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Backyard Renovation

March 28, 2010

QUESTION : Sent in from Shannon | Brooklyn, New York
Thank you for taking a look at my backyard garden area. Drastic improvements have already been made. For instance, we put down new grass and made flower beds on the sides. Also, we started putting up bamboo to separate ourselves from the neighbors. Please let me know if you have any suggestions. We have a budget of around $300.

SUGGESTION :
Shannon – I really like the newly planted grass in the rectangular shape. I see your backyard evolving into an English garden. I notice some foundation cracks in the concrete patio; probably due to tree roots. Over time this will slowly get worse. You could temporarily patch it, but it will develop cracks again. One suggestion is to build a treated, wooden deck to go over it, but this would eat up a considerable amount of your budget. However,  I would rather see you spend it on a small patio set. The idea I’m leaning towards is using dirt and gravel to create a more rustic English garden.

You might also want to address water running down the stairs into the apartment. This can be solved by concreting in a small incline going away from the top of the stairs into the garden. This should help water run-off.

1. Use dirt from the back lot. Cover 1/2 to 1 inch of dirt over all the concrete area. Also during the process, level the dirt batch in the back to incorporate with the rest of the lot. Then using gravel, lay over all the dirt. I found a 50lb bag at Lowes for around $4. Your lot might require about 10 -12 bags. (Total $48) You can also put weed block fabric under the dirt and gravel against the cracked concrete.  Another option is to use larger stone or concrete stone pavers along with the smaller bags of gravel.  This will be a good footing on which to put a patio set.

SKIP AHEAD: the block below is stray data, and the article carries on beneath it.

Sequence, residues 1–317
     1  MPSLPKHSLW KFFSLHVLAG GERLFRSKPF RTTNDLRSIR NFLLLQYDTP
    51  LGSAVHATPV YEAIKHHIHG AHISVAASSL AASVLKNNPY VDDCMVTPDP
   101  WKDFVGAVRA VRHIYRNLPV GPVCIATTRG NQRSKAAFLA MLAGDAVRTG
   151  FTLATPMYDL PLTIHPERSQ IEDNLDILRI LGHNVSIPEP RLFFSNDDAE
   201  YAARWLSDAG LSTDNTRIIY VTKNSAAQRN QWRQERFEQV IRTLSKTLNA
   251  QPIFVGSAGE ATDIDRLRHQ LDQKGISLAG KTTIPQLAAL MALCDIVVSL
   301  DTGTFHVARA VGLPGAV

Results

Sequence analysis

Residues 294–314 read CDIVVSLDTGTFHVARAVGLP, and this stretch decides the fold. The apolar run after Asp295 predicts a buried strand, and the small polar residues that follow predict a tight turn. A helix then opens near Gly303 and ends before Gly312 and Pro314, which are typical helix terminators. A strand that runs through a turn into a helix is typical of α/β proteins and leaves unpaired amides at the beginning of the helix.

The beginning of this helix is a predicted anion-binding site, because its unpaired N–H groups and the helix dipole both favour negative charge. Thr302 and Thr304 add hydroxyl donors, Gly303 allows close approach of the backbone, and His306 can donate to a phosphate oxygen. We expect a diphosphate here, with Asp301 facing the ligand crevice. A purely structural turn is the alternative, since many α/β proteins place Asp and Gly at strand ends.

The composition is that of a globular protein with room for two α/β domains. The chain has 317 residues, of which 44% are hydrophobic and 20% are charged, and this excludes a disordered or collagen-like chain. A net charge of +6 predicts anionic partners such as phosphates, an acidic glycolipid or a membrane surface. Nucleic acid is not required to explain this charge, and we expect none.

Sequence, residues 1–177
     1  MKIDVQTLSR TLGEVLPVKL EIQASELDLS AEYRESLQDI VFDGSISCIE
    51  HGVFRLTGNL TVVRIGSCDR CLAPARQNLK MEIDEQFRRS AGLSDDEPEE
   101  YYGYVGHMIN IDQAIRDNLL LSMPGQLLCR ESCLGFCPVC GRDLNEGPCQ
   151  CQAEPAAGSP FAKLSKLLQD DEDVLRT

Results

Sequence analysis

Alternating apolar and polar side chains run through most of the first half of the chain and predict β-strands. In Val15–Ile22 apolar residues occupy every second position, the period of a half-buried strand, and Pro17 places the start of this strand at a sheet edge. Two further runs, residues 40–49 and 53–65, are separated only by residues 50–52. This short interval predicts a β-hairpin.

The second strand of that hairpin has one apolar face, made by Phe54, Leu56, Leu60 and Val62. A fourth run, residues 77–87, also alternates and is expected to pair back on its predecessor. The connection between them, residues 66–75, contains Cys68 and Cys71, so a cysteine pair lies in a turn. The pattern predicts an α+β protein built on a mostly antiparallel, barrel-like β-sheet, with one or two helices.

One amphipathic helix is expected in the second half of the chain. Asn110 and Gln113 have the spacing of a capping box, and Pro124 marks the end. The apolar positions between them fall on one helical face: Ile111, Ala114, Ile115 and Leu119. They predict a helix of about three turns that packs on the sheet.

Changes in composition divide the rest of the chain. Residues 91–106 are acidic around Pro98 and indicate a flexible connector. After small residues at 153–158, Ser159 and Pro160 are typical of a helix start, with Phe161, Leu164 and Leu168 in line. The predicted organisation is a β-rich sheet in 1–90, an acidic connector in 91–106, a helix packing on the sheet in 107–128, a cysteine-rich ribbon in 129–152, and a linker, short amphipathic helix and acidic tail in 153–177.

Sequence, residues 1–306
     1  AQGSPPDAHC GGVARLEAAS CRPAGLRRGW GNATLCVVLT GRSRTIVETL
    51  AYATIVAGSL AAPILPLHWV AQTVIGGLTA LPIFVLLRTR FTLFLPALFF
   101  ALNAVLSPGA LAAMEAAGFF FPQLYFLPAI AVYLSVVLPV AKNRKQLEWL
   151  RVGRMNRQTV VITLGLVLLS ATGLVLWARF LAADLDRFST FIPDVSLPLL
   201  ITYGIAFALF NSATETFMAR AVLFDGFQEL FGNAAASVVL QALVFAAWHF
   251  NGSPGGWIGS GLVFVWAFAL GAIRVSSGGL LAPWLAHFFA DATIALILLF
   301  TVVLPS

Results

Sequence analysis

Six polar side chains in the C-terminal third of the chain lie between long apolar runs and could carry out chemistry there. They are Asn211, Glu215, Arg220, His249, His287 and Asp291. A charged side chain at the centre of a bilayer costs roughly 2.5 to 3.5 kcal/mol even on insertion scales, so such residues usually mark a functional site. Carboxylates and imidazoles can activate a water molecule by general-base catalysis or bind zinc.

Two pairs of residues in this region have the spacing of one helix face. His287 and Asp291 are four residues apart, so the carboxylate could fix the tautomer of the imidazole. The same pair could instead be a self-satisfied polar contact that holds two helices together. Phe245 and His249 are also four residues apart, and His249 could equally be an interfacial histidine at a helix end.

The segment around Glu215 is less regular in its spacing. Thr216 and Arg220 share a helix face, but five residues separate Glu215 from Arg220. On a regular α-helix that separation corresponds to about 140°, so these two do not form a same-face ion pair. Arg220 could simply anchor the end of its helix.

2. Along the fence I would plant English Ivy (Hedera helix). It’s a very durable plant and can grow in sun or shade. Plant close to the bamboo and start to train it to go up the fence. You can use wire hangers or branches to help it start. On the exposed fence, weave in between the chain links to help get the ivy started. If should take about 20 plants spaced out. It can run you around $5-$8 depending on the where you buy. You could always transplant if you know someone that particular plant. On the back wooden fence, I would leave it alone.

3. I would try and anchor the four corners with some type of pot or urn. Inside each you could plant with seasonal plants or shrubs. If going with shrubs, I suggest Boxwood (Buxus L). It’s a hardy shrub you can eventually mold, cut into circles, squares or elongate – or just let it grow naturally. I think a Dwarf Boxwood or Green Velvet Boxwood would work nicely. This can go anywhere from $15 – $40 a plant. The pots or urns will cost you anywhere from $8 up for the simple terra cotta planter.

4. Keep the vegetable garden; but try and utilize the entire patch for this purpose. This way you enjoy growing your own vegetables. And it’s satisfying!

5. Find a nice wrought iron patio set. This will be the bulk of your budget. If lucky, you might find a used one and refurbish (a little steel wool and spray paint). Do your homework. I went online for a few minutes and found one at PatioFurnitureUSA.com for $149 on sale.  A patio set will make the biggest difference in this space.

Eventually if you have more funds, I suggest getting a bench to go in the back of the property. It would be a nice touch. Good luck.

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